Growing A Magnificent Crop of Hardy Lavender

Jeremy Windemuller
In the garden, lavender is a durable, drought and deer resistant perennial. In production, it’s not so easy. Here’s a recipe for success when growing lavender in greenhouses and outdoor growing facilities.

Potting and timing
Like all evergreen perennials, bare root lavenders dry out quickly once they’re dug and packed for shipping, so they should be planted immediately upon receipt. Use a well-drained soil mix of peat, perlite and bark with a pH of 5.8 to 6.2. Set the crown of the plant just at the soil surface, taking care not to bury any branches. The lowest branches of the plant should be just touching the soil surface.

Pictured:Unlike most lavenders, which require a long vernalization to bloom, Sweet Romance flowers with little to no vernalization, making it a quick crop for growers—even those in southern climates.

Trials have shown that it’s far better to plant bare root lavender in spring rather than in fall. Plant later in spring if possible to take advantage of the naturally higher light levels, longer days and warmer temperatures that time of year. Use one bare root plant per true 1-gal. pot to finish in 8 to 10 weeks or one plant per 2-gal. pot to finish in just a few weeks longer—10 to 12 weeks. Lavender can also be planted from 72-ct plugs the summer prior into trade 1-gal. pots. They typically take 12 to 14 weeks to bulk up in late summer.

Cultural recommendations
Fertility: Lavender is a light-to-moderate feeder. Use 50 to 75 ppm Nitrogen constant liquid feed at every watering or 100 to 150 ppm Nitrogen as needed. Slow-release fertilizer should be applied at a rate of 1 to 1.5 lbs. per cubic yard of growing media. The recommended EC rate is 1.25 to 1.75 using the pour-through method.

Moisture: After potting up bare root lavender, water thoroughly to eliminate air pockets. To avoid foliar diseases and rot, irrigate early in the day to allow the foliage to dry before nightfall. Lavender doesn’t like to sit wet for any prolonged period. Water plants thoroughly and allow the soil to dry slightly between waterings.

Lighting: Lavender requires high light intensities to grow properly. It’s best to grow it at a time of year when light levels are naturally higher. If growing inside, grow it under clear plastic and space the crop well to prevent stretching, a loose habit and poor growth. Lavender can be forced into bloom under 16-hour days or using 4-hour night interruption lighting.

Temperature: Lavender grows best in cool conditions until the roots are established. Root and finish plants in 60 to 65F (15 to 18C) temperatures and hold them at 45 to 55F (7 to 12C) once they’re bulked up if desired. Once established in the landscape, lavender is very heat tolerant.

Pests and Diseases: Lavender can be subject to a number of pests and diseases. Prevention is key! Providing good ventilation and allowing plants to dry slightly between waterings will go a long way toward producing a healthy crop. At time of transplant, apply a broad-spectrum fungicide drench on both bare root and plug material to prevent root and crown rot. Watch for botrytis on dead leaves at the base of the plant and space plants well to avoid this issue. Phytophthora, pythium and septoria can also be problematic. Scout regularly for these diseases as well as aphids, caterpillars, leaf hoppers, spider mites and whiteflies.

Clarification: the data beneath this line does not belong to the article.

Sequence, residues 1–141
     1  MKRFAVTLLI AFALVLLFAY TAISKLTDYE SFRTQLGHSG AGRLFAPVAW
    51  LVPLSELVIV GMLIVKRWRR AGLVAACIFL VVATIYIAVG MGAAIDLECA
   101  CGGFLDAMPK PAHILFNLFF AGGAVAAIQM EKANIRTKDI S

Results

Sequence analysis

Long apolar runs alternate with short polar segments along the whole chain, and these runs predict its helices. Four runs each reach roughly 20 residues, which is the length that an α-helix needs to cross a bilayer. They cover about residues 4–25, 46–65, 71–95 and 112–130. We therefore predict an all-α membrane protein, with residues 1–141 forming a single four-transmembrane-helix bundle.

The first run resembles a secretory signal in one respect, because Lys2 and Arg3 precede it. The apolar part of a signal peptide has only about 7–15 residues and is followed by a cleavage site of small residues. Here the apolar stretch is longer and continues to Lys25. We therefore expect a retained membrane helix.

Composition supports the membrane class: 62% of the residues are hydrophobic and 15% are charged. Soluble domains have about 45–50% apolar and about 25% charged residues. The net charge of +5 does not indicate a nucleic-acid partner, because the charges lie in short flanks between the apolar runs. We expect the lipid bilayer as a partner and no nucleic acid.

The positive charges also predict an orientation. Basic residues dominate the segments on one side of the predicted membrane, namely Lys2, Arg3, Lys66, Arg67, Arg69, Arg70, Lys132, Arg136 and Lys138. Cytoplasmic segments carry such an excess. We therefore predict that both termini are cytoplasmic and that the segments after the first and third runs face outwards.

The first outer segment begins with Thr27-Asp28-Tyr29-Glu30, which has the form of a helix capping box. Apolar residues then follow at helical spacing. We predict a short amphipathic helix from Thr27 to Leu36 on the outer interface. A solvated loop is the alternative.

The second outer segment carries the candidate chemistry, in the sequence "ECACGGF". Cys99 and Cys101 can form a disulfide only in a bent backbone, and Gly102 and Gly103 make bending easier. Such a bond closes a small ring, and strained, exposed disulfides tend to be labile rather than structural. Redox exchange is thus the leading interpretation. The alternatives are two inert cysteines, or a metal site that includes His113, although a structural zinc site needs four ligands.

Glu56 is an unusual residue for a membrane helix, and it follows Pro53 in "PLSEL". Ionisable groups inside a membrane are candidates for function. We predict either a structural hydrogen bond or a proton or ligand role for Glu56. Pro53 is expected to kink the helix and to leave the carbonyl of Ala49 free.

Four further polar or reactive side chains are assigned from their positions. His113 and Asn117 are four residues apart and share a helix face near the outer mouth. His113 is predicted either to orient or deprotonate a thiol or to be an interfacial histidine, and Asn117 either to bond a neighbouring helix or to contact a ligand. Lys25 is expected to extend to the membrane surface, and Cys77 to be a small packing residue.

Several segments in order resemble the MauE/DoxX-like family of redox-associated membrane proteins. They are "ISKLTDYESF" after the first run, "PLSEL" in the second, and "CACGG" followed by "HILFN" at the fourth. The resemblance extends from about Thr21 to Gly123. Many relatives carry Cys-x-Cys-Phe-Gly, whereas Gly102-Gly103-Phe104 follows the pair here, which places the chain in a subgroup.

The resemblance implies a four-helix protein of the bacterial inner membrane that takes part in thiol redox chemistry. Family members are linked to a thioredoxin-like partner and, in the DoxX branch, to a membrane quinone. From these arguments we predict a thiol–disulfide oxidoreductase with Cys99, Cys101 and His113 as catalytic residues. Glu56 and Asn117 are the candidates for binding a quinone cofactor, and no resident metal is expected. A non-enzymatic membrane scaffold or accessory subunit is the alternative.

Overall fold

Finishing tips
Trimming: People often ask about the proper time to trim lavender. In general production, it’s best not to trim lavender since that tends to invite in a number of diseases. Do not cut back the previous year’s foliage in spring if started from plugs the summer prior. Once finished plants are done flowering, the flower stems may be sheared back, taking care not to trim back the foliage.

Vernalization: Most varieties of lavender require 10 to 12 weeks of vernalization below 40F (4C) to flower consistently. Growers who are potting 72s the summer prior will need to be able to vernalize their crop in order for it to flower the following spring. Bare root plants received in spring will already have been vernalized by the supplier. One notable exception is Lavandula Sweet Romance, which doesn’t require vernalization to flower. This cultivar may be a better choice for growers looking for a quick crop, including southern growers.

Pinching and PGRs: Pinching isn’t recommended for lavender since it invites disease and most varieties shouldn’t require a PGR treatment. Large hedge-type lavenders like Phenomenal can be treated with uniconazol at a rate of 5 ppm or paclobutrazol at 30 ppm spray, applying 1 to 2 treatments 7 days apart when flower stems appear to control their height. When grown outdoors, plants will stay naturally more compact.

Growing Lavender Outdoors: Growing lavender outdoors is highly recommended in Zones 6 and warmer. It takes a little longer than growing plants indoors, but the finished product is far superior in habit, flowering performance and flower color. Start by planting bare root lavenders in early spring, placing them outside in full sun under a heavy 3-oz. frost blanket on drip irrigation once temperatures are consistently above freezing. Remove the blanket when daytime temperatures are above 40F (4C) and cover them again at night if temperatures fall below freezing.

Forcing: Lavender can be forced into bloom throughout the year. Provide 16-hour days or a 4-hour night interruption with a minimum of 10 foot candles of light intensity. Finished plants forced in 64 to 68F (17 to 20C) temperatures will bloom in approximately 8 to 10 weeks. GT

Jeremy Windemuller is a grower and trial manager for Walters Gardens, Inc. in Zeeland, Michigan.